JDS Swoons as Deal Faces Sharp Antitrust Scrutiny

The SDL buy would give the optical-components maker a strong position in a widely used pump.
Author:
Publish date:

If you liked the recent Bernie Ebbers/

WorldCom

action, you'll just love the latest from

JDS Uniphase

(JDSU)

.

The leading maker of optical components for the Internet saw its shares slide 13% Monday after it unveiled a plan to buy rival

SDL

(SDLI)

for an eye-popping $35.7 billion in stock. While JDS was talking about smashing second-quarter earnings targets and adding capacity to slake manufacturers' thirst for its products, Wall Street was aswirl in questions about valuation, integration and even monopolization.

JDS fans remain steadfast, contending that the deal creates a stronger company and that regulators won't block it because consumers aren't directly affected. But analysts and investors warn that the deal gives JDS a stranglehold on a key market, a reality regulators are unlikely to ignore. That could put JDS shares under a cloud for some time while the deal makes its way through Washington. Indeed, SDL's 8.6% jump Monday left it about 63 points below the deal's indicated value, suggesting some skepticism on Wall Street over the deal's prospects.

Appearances Matter

Regulatory attention is likely to focus on SDL's main product, the 980 pump laser, a crucial network device that stokes light waves inside optical fibers. JDS and

Corning

(GLW) - Get Report

also make these pumps and

Lucent

(LU)

has the capability, says John Lively, optical component analyst for

RHK

, a South San Francisco, Calif.-based research firm.

Uptrend
One-year appreciation in optical-component stocks

Source: BigCharts

With established service providers and well-funded start-ups scrambling to build high-capacity optical networks, equipment makers such as

Nortel

(NT)

,

Ciena

(CIEN) - Get Report

,

Sycamore

(SCMR)

and Lucent are scrambling to buy these pumps from JDS Uniphase, Corning and SDL.

With so much of the industry's growth riding on these pumps, antitrust officials are likely to make competition in that market the focus of their scrutiny as they assess the impact of this deal, say experts. If the combined company controls enough market share to raise prices or limit innovation, then the

Justice Department

"would move to stop the merger," says a Washington-based telecommunications antitrust lawyer who isn't involved with the deal. JDS didn't immediately return calls seeking comment.

"This has a little of the merger-to-monopoly appearance to it," says the lawyer. With Ebbers' acquisition-minded WorldCom recently running aground in its $115 billion buy of

Sprint

amid regulatory opposition, the specter of a legal battle could easily chill shareholders of fast-growing JDS.

Hungry?

Others worry that the deal is too pricey or will simply be too much for JDS to swallow. Rival Corning considered a bid but thought the "valuation was pretty high," a spokesman told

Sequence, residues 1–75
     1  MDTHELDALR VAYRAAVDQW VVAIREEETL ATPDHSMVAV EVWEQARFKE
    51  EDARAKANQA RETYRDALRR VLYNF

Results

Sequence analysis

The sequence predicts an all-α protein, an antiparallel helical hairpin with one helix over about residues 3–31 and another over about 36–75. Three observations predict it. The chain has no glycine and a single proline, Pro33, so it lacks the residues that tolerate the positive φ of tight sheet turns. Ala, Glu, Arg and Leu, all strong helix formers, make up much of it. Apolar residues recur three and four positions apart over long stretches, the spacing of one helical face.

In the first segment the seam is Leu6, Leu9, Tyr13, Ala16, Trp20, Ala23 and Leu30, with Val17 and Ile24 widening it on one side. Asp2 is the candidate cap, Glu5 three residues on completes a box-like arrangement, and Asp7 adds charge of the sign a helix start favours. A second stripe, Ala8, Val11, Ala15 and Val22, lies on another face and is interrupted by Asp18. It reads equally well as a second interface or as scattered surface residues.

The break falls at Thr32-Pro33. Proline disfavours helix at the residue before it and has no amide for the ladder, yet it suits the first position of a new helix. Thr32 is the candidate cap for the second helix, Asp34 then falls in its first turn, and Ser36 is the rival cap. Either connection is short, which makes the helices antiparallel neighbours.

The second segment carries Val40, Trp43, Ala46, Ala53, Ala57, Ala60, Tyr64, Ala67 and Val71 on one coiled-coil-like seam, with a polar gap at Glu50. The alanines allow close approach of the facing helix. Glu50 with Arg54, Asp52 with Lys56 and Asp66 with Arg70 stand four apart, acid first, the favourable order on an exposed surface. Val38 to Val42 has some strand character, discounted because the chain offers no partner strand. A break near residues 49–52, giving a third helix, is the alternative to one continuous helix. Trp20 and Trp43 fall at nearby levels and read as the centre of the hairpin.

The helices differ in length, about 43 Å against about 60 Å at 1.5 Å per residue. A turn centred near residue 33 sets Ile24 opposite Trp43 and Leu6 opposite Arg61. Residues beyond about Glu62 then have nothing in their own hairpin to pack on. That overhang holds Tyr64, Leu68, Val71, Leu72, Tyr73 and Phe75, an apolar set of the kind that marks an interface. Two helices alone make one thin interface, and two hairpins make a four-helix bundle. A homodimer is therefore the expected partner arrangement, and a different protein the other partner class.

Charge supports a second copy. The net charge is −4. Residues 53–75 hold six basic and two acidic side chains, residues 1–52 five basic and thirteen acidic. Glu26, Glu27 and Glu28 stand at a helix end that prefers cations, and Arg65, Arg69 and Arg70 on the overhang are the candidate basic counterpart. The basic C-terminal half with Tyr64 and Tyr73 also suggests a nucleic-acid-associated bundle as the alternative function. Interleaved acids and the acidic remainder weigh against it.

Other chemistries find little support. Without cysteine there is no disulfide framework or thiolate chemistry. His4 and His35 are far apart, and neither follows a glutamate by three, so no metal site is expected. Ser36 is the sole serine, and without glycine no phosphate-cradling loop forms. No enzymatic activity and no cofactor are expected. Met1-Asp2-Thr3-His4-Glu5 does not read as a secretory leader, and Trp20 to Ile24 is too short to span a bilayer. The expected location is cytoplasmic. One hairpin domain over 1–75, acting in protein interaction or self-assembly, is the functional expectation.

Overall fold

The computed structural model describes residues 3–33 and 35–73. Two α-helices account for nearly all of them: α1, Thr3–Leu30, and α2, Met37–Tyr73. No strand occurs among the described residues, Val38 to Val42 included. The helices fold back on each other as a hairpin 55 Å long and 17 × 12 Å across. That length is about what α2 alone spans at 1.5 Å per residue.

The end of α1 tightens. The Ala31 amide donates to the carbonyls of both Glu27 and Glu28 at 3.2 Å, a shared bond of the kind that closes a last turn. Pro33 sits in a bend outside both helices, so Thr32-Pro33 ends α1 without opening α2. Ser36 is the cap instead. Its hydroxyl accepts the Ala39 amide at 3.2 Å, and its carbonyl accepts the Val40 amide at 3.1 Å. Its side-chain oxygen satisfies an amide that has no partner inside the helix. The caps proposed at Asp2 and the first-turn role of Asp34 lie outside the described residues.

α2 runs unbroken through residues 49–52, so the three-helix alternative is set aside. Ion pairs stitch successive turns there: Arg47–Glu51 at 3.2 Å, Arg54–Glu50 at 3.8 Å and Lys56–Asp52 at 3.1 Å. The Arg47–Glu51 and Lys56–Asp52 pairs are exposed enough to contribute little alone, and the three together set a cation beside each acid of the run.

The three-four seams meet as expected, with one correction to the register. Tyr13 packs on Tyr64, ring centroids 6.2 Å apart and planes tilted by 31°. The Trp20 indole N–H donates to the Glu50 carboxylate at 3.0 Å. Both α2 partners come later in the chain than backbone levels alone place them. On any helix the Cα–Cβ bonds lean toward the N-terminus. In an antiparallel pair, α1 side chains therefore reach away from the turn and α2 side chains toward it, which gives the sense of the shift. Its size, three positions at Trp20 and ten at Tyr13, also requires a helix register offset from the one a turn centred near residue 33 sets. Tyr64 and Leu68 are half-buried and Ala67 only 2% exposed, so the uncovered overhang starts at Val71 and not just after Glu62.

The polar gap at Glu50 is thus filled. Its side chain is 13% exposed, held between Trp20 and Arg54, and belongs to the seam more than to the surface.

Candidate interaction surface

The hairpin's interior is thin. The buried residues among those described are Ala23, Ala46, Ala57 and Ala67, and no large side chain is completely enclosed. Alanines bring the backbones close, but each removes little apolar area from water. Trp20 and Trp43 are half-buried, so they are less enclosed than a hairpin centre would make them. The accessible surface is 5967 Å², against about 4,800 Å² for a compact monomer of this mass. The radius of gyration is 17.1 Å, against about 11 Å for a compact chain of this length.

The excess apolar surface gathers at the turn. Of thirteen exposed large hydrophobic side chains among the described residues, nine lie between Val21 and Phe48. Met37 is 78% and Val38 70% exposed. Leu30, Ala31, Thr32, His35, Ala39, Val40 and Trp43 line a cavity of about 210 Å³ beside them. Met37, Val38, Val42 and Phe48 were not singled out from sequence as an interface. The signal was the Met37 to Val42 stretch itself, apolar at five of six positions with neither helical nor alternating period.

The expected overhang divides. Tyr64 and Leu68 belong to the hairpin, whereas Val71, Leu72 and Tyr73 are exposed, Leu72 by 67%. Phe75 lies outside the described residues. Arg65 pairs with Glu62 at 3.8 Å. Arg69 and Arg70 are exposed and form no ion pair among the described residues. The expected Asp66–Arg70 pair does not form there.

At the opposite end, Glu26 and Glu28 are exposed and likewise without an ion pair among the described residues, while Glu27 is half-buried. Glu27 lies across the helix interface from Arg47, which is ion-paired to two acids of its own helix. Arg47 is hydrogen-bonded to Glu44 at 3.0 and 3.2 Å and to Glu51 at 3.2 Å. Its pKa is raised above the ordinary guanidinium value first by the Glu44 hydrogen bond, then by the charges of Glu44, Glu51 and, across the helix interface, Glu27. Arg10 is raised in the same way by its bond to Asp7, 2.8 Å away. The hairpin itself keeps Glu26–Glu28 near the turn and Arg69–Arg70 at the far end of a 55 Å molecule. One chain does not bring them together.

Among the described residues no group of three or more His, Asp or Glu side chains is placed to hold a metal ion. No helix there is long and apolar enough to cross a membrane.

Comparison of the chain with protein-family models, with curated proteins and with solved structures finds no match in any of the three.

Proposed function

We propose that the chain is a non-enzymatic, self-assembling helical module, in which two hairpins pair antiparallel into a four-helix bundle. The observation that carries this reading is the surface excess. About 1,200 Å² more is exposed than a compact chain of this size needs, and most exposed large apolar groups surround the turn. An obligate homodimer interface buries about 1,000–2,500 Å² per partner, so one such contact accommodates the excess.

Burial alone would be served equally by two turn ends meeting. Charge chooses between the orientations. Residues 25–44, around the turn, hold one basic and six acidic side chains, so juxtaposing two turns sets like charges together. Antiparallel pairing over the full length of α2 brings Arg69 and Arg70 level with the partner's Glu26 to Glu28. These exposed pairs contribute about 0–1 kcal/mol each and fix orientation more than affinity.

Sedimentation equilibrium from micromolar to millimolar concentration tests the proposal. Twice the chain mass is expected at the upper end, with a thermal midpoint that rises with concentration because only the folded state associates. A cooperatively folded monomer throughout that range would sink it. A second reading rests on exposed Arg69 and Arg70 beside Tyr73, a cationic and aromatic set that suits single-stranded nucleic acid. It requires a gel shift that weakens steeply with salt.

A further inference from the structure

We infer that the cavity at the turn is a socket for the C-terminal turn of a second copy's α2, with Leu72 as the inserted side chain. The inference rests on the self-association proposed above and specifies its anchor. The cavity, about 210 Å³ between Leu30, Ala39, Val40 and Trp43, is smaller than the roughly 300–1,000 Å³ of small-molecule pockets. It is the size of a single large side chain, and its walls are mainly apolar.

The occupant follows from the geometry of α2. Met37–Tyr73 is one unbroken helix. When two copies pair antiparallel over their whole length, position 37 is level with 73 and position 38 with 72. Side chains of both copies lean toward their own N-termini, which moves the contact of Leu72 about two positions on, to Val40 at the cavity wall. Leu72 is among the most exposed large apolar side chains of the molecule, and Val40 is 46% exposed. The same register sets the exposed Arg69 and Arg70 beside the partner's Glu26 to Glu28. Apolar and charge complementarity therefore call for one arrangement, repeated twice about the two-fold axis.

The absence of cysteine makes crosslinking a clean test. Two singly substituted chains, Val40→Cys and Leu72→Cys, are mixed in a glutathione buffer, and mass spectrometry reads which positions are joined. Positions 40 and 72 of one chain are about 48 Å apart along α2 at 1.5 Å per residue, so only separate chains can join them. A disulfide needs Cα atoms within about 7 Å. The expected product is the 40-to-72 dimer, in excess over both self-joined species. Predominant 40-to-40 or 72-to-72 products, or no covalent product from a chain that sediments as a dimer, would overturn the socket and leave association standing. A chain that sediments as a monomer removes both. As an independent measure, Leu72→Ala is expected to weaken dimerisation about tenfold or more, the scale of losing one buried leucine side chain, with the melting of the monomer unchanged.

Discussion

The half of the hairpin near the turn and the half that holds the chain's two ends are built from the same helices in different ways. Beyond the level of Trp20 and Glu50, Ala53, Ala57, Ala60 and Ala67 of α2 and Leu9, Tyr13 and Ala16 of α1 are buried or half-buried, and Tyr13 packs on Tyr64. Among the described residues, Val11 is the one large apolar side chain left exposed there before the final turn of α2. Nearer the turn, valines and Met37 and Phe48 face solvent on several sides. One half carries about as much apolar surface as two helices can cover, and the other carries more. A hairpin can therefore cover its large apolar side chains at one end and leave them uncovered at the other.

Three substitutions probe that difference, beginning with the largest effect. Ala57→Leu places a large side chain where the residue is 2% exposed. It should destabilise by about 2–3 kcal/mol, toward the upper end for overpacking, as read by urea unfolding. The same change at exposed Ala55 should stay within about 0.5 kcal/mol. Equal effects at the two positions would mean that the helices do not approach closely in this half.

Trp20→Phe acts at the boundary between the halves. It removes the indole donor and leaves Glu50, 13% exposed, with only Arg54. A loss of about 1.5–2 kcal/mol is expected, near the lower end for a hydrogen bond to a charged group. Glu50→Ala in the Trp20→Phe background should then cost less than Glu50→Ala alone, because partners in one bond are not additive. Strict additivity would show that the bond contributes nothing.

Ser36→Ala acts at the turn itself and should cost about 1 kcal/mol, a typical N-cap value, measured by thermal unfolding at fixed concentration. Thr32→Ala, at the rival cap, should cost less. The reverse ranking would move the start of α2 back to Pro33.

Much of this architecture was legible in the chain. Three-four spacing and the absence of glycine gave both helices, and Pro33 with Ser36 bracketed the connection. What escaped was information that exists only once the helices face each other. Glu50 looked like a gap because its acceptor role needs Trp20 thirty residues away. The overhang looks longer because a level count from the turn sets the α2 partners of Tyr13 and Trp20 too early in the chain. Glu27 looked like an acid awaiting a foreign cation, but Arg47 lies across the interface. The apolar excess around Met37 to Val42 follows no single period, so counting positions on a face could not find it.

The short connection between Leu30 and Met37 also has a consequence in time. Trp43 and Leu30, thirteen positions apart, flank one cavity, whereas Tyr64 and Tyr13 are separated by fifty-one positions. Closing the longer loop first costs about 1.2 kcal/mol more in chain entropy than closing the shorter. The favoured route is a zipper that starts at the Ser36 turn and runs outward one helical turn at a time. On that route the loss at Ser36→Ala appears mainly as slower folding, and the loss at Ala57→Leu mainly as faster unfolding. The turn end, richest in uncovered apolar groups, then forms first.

Reuters

. "The product portfolio did not match the associated cost of that acquisition." (

TheStreet.com

investigated the price question Monday.)

Still Going
JDS, Corning, SDL over two months

Source: BigCharts

The major worry, says Conrad Leifur, an analyst with

U.S. Bancorp Piper Jaffray

, is how well JDS will be able to integrate two large acquisitions in a year. Just last month the company completed its $15 billion acquisition of

E-Tek

.

"They have so many balls in the air at once," says Leifur, who has a strong buy on both stocks and whose firm has no banking ties to these companies. "This could show up as signs of weakening execution -- say, if they were not getting product out on time, or if they had manufacturing glitches. This could all work its way into the financials in pretty short order."

What's Next

To be sure, Wall Streeters don't think the deal is dead. Leifur notes that JDS has a good track record for working new operations into the fold, and adds that he expects the deal to pass antitrust muster. "While JDS Uniphase and SDL will have the No. 1 market share, I think there are enough alternatives for customers that this should not be a deal killer," says Leifur.

Jeff Wrona, who manages

PBHG's Technology & Communications

fund, says he's comfortable with JDS's ability to prevail in the end, just miffed at the timing of the deal. Wrona has positions in both JDS and SDL.

To gain Justice Department approval for the E-Tek merger, JDS Uniphase agreed to loosen exclusive contract agreements with its customers so competitors could have greater access to the market. It's not clear if a remedy like that is possible for this deal, and lacking that sort of concession, JDS Uniphase could face having to divest itself of some operations.

"It might get interesting if JDS has to start breaking itself up," says RHK's Lively.